The church and cemetery (now known as Sardis United Methodist Church) are located on a relatively quiet 5-acre site. The society sponsored the nomination and prepared the nomination materials, with the assistance of the owners.
The first incarnation of Sardis Methodist Church on its current site likely dates to the 1840s, around the same time the nearby settlement of Irbyville came to be known as Buckhead. Most of the adjacent Shady Oaks Cemetery, which likely pre-dates 1869, was deeded to the church in 1888 and 1894. (The name Shady Oaks was not used after the 1930s.) Church records indicate that there may be more than 750 burials, many in unmarked or crudely marked graves.
The church, built in 1927, is a good example of a Colonial Revival church that was designed in a prevalent style of its era, but in a simplified version with little ornamentation, except for the steeple (now a reconstructed copy of the original).
The central tower gives it a rural vernacular aesthetic, which reflects the parishioners’ desire to connect with their heritage as one of Buckhead’s oldest sustained congregations. The architect for the church was Owen James Trainer Southwell (1892-1961), who practiced in Georgia from 1919 to 1931. While Southwell designed more than 30 churches in Louisiana, Sardis is his only known church in Georgia.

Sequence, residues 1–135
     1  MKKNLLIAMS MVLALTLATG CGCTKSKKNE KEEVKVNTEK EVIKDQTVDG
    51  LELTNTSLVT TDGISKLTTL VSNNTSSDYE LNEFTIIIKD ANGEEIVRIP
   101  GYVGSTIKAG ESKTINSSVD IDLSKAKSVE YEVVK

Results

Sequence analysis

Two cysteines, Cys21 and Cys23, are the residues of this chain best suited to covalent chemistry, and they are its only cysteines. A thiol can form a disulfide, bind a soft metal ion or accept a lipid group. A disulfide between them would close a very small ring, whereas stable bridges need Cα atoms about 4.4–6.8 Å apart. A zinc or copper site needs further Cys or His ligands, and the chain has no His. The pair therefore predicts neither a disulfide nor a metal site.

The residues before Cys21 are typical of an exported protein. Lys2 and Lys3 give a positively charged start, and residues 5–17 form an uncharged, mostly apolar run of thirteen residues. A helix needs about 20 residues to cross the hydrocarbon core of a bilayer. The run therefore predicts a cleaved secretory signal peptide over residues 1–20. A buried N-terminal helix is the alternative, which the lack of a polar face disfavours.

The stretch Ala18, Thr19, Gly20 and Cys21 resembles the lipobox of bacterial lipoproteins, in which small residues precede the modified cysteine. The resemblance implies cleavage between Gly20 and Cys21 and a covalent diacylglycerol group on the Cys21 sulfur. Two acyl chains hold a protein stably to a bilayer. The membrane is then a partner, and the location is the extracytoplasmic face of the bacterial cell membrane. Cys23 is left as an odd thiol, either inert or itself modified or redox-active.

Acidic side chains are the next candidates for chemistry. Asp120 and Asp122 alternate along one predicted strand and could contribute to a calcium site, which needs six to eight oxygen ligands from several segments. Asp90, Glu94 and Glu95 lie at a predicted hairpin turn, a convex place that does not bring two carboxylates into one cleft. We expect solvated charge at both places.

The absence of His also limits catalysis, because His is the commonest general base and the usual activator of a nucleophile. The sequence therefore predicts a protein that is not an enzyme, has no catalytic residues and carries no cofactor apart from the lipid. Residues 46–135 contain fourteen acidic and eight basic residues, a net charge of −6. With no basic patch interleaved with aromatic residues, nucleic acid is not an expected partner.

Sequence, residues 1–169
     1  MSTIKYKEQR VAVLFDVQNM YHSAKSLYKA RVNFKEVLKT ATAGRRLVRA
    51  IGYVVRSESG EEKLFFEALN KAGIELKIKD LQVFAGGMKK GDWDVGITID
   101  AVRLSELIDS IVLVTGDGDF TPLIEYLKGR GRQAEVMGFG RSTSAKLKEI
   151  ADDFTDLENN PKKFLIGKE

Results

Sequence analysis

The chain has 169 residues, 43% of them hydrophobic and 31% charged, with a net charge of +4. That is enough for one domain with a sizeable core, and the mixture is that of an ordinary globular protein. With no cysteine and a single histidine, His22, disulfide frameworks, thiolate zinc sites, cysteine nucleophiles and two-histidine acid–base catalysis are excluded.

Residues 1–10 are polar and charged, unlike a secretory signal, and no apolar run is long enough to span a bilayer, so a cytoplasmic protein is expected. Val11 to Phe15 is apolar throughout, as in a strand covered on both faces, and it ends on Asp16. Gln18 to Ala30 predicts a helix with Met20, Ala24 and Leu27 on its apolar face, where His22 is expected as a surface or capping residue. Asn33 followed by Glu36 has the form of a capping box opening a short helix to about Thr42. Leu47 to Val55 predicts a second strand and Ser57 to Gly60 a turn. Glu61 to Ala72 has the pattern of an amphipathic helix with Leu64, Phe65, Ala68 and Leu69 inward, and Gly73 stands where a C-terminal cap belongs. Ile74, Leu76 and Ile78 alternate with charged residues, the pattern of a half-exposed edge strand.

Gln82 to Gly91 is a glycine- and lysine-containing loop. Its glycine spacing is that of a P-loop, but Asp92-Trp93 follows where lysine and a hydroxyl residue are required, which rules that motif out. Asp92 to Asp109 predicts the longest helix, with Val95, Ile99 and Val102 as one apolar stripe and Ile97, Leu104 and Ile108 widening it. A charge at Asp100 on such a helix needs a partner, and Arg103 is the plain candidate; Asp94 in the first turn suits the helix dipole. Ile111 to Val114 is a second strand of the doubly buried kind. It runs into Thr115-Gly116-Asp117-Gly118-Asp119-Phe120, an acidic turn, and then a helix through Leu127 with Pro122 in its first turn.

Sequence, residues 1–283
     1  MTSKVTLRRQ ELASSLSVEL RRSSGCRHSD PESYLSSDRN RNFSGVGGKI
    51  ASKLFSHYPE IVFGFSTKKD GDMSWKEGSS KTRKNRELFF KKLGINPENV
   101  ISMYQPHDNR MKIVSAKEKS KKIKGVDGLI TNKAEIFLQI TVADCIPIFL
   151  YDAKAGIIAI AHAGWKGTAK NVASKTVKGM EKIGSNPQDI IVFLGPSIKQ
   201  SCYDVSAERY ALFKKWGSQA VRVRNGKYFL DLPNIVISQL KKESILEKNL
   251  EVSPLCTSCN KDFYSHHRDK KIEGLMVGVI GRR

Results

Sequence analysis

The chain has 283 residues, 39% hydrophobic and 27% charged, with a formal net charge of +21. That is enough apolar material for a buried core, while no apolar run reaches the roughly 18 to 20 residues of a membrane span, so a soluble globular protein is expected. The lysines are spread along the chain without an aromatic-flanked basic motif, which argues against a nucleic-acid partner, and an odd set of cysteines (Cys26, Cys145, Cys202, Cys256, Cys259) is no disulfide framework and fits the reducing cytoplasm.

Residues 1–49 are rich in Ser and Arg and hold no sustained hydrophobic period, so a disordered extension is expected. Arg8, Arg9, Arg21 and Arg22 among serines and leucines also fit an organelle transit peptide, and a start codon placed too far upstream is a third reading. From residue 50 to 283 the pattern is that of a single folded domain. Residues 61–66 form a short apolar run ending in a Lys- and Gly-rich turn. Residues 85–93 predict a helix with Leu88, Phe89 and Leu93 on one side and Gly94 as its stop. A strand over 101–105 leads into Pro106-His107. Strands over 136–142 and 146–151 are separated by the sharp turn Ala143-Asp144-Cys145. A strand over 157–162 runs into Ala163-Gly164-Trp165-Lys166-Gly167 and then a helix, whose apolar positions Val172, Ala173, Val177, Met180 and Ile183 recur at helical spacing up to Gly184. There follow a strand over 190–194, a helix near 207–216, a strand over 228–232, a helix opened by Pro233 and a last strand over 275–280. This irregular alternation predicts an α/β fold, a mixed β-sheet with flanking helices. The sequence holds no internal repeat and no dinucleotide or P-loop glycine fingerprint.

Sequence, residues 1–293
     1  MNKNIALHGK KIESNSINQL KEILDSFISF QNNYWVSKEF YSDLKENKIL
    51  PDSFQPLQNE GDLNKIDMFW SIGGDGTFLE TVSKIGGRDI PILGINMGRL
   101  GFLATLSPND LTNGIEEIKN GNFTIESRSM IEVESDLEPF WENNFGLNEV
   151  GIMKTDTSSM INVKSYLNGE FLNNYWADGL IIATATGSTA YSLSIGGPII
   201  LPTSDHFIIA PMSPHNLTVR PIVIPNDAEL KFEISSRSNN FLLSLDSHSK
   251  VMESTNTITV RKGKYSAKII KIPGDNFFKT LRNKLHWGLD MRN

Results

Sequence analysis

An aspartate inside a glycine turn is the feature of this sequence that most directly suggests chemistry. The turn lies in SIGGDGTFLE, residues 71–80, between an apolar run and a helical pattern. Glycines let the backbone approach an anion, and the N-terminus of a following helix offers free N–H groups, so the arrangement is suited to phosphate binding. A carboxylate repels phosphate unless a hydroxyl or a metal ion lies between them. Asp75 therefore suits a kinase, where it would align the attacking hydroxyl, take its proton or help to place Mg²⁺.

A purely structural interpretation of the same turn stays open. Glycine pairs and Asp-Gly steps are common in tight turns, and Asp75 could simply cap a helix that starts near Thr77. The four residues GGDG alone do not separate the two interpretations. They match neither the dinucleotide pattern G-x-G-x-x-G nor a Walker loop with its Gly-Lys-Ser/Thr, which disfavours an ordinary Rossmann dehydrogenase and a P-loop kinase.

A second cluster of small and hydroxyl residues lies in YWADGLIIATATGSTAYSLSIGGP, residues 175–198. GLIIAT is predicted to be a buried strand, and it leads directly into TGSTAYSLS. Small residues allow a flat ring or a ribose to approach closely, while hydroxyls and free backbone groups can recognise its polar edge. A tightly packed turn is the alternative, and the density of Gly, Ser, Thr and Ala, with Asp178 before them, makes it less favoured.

The cemetery is one of Buckhead’s earliest cemeteries, as well as the only remaining place associated with several of the first white inhabitants. Burials include Henry Irby (1807-1879), Wesley Collier (1824-1906), and Napoleon Cheshire (1843-1921), who each owned large tracts of land that formed the core of the Buckhead community. The cemetery contains a diverse collection of grave markers representing the evolution from a simple rural cemetery to one that reflects more urban characteristics.
With a congregation dating to circa 1848, the 1927 church is at least the third religious building on the site. The current edifice sits prominently on a rise on the southeastern portion of the property. The cemetery is on another hill that occupies the northwestern part of the lot. The church has a symmetrical brick exterior with a central projecting tower on the front. This tower serves as the entry foyer and is topped by a squat wood steeple with classical details. The tower is flanked by one-story appendages with hipped roofs. The main body of the church is a one-story rectangular mass topped by a moderately pitched front-gabled roof. It has modest Colonial Revival details.